Husband-and-wife team Nick Cervera and Lupe Elizalde have opened their third Mole Mexican restaurant, this one in Williamsburg, Brooklyn.
The pair already operates Mole restaurants in Manhattan, on the Lower East Side and the West Village. These restaurants attract stars such as Lady Gaga and Scarlett Johansson.
Reflecting the warm hospitality of Mexican culture as well as its myriad flavors and culinary techniques, Mole makes a strong first impression. The rhythmic salsa overhead and buzz of patrons swirling prickly pear margaritas at the indoor/outdoor mosaic bar create an infectiously celebratory ambiance.
Indeed, Mexican cooking the way that Elizalde presents it is a somewhat revolutionary experience: It’s what she learned as a young girl in a home of culinary matriarchs in her native Mexico, and something she’s not willing to compromise. For 20 years, she’s brought her family’s craft to New Yorkers, starting well before the city’s palate was ready for it and continuing to impress even as the trend gets hotter.
When it comes to ingredients not easily found in New York, Lupe employs her mother to send specialties directly from her home base in Mexico City. The top import? The mole for which the restaurant is named (the word is loosely connoted as “happy sauce”) is made by Lupe’s mother and shipped directly to the restaurant. The dish is only made for the biggest celebrations in Mexico but served daily here. And just as Lupe apprenticed under her mother and grandmother, she strives to serve as a mentor for the chefs she trains, taking them under her wing for a minimum of three to four years before letting them take the reigns in any of her restaurants’ kitchens.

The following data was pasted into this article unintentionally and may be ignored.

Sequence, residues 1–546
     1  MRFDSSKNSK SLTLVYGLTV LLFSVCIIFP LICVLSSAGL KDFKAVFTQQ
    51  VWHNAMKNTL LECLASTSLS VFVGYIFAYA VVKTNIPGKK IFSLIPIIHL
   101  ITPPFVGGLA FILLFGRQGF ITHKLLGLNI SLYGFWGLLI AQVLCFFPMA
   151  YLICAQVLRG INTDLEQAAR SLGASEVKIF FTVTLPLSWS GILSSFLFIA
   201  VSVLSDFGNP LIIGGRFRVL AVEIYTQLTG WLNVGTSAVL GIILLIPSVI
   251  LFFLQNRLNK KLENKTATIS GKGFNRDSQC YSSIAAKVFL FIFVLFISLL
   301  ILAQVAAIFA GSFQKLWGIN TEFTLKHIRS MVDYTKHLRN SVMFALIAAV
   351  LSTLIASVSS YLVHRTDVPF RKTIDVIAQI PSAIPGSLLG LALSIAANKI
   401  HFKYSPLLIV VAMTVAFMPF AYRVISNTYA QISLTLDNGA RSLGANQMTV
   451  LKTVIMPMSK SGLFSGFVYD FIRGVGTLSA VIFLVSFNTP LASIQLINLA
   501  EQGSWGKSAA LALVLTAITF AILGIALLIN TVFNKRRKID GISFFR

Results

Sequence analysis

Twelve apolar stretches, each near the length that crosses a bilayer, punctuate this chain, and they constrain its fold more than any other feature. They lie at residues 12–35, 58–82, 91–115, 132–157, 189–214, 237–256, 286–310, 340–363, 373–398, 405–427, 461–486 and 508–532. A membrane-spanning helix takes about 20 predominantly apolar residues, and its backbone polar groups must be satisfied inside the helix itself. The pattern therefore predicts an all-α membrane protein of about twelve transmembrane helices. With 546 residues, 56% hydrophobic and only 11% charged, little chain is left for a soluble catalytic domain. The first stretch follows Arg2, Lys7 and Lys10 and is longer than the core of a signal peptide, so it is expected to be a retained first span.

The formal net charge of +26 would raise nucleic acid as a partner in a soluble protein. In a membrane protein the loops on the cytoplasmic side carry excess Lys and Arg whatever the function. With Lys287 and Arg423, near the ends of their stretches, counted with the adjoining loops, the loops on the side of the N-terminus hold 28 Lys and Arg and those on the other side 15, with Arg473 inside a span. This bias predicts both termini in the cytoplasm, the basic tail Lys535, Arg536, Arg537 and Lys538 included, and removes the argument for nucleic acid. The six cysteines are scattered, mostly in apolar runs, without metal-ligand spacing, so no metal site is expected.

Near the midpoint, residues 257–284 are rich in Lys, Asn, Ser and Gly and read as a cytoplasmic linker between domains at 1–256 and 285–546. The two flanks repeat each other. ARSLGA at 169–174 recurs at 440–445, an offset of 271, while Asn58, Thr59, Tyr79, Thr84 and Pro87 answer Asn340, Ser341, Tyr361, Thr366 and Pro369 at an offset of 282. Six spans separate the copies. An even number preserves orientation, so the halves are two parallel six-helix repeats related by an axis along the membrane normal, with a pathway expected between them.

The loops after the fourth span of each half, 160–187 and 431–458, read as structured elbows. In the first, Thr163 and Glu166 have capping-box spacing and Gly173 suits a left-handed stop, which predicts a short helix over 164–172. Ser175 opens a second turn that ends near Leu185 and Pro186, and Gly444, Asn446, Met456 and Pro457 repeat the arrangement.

At Mole Williamsburg, it’s wise to start with the salsa sampler. Homemade tortilla chips are served with five signature dips: salsa verde, salsa chipotle, guajillo, pico de gallo, and a molcajete salsa that’s considered the house specialty.
Other dishes include ceviche de camaron; cochinita pibil, a Yucatan specialty of shredded pork marinated in axiote paste and cooked in banana leaves;and
barbacoa. This latter dish is cuts of lamb braised low and slow over coals, wrapped in cactus leaf and set atop a special cauldron to collect all the drippings. The meat is served with blue corn tortillas, wedges of lime, chipotle salsa, and a small bowl of its own juices.
There are some interesting drinks, too, from the cucumber margarita made with freshly muddled fruit and vegetable puree to the collection of 80 tequilas—blancos, anejos and reposados.
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